Epidermal inclusion cyst

Epidermal inclusion cysts, also known as a sebaceous cysts, are common cutaneous lesions that represent proliferation of squamous epithelium within a confined space in the dermis or subdermis.

The term sebaceous cyst implies that the lesion originates in the sebaceous glands, which is not correct and as such the term epidermal inclusion cyst is preferred.

Clinical presentation

Epidermal cysts are either found incidentally or present as a firm non-tender lump. If they rupture a local inflammatory response to the necrotic debris released can mimic infection. Although they can be found anywhere, they are typically located on the scalp, face, neck, trunk, and back 1. Rarely they can be seen within bones representing an intraosseous epidermoid cyst (case 11) 2.

Rarely epidermal cysts can undergo malignant degeneration with squamous cell carcinoma 1.


The are thought to occur as a result of 1-2:

  • traumatic/surgical implantation
  • occlusion of the pilosebaceous unit
  • congenital rests of cells
  • human papillomavirus type 57 or 60 infections implicated palmoplantar epidermoid cysts 1

They are closely related to cholesteatomas, and should not be confused with epidermoid cysts of the CNS.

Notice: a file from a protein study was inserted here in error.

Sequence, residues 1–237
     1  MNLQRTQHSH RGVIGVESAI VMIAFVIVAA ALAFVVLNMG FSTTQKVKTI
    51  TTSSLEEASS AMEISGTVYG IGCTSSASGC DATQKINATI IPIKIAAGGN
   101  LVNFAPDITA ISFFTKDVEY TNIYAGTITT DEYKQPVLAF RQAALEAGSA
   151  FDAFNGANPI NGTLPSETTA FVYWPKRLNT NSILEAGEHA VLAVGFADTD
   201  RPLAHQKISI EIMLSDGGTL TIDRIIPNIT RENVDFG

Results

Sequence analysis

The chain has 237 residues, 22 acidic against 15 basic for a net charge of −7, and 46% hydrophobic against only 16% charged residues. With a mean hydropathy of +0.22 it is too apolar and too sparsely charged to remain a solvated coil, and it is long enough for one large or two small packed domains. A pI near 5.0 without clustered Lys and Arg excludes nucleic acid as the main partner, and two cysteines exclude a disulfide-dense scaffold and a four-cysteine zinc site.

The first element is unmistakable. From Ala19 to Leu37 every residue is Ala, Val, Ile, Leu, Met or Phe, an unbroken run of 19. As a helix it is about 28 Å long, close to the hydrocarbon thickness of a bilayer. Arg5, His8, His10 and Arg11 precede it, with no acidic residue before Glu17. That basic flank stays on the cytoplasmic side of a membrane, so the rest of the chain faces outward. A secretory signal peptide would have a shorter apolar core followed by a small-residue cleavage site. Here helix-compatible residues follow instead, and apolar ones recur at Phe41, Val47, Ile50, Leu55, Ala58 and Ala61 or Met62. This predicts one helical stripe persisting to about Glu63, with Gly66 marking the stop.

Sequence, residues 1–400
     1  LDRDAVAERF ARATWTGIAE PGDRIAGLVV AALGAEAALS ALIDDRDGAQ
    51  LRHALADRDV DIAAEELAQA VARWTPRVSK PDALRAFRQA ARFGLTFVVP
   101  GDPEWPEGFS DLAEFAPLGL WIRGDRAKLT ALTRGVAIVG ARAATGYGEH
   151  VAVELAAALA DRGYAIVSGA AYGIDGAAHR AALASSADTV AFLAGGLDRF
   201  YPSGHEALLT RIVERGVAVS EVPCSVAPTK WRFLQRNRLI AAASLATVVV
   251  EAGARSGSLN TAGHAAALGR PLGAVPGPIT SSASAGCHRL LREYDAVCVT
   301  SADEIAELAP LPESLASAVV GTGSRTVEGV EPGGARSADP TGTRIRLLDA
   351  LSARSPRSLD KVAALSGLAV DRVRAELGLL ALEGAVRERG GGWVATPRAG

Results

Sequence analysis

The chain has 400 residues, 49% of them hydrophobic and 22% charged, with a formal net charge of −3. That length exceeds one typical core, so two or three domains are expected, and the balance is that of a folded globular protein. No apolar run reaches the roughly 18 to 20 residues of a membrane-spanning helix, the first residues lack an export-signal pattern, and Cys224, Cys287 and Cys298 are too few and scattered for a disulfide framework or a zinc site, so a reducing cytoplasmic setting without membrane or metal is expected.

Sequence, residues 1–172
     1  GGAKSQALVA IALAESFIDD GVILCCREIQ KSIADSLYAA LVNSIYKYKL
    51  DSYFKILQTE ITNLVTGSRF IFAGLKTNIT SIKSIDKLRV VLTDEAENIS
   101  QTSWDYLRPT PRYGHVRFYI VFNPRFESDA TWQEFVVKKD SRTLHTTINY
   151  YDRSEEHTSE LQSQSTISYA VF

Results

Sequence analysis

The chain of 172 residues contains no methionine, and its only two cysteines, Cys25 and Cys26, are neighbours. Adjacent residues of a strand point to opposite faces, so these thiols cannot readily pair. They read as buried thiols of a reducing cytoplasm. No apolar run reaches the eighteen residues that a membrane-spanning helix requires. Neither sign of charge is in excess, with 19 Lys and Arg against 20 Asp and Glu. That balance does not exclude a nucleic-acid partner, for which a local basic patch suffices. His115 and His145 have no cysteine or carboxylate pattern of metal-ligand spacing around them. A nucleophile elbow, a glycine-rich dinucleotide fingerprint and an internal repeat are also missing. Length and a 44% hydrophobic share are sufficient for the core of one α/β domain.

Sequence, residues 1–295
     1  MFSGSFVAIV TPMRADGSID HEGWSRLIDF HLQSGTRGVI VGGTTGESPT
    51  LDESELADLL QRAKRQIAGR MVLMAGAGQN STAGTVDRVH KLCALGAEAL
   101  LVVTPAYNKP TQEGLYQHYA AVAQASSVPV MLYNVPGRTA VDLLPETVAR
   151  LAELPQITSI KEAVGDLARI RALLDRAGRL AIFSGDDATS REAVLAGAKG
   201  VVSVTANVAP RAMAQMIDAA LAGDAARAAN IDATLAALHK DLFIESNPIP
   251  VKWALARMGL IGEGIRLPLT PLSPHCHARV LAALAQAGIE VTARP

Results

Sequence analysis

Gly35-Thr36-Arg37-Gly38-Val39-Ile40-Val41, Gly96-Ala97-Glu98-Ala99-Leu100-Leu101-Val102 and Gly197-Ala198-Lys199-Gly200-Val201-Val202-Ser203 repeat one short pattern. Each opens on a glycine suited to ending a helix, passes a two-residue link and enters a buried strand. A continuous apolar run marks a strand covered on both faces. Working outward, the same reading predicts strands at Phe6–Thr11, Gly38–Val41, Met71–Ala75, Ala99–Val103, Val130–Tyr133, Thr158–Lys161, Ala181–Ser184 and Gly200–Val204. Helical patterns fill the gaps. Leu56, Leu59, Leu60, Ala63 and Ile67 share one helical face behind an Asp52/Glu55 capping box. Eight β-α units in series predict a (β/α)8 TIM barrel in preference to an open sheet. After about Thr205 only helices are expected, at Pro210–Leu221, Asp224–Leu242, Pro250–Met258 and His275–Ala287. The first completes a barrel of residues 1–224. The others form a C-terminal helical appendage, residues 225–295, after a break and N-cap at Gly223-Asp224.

Radiographic features

On all modalities they appear as well circumscribed masses arising in or just deep to the skin.


Well circumscribed predominantly hypoechoic mass. If it is small, it can mimic a cyst. Larger masses can be a little heterogeneous.


The density of epidermal inclusion cysts is similar to that of water.


Imaging on MRI is similar to that of CNS epidermoid cysts or cholesteatomas, namely the content of the cyst is similar to CFS/water.

  • T1: low/intermediate
  • T2: high
  • DWI
  • T1 C+ (Gd)
    • no enhancement centrally
    • may have thin peripheral enhancement


  • superimposed infection
  • rupture
  • concurrent occurrence of tumours within them, e.g. melanoma (very rare) 4

Treatment and prognosis

They are benign and generally do not require treatment. If infected they may require incision and drainage. If they continue to grow they may require excision.

Differential diagnosis

General imaging differential considerations include

See also

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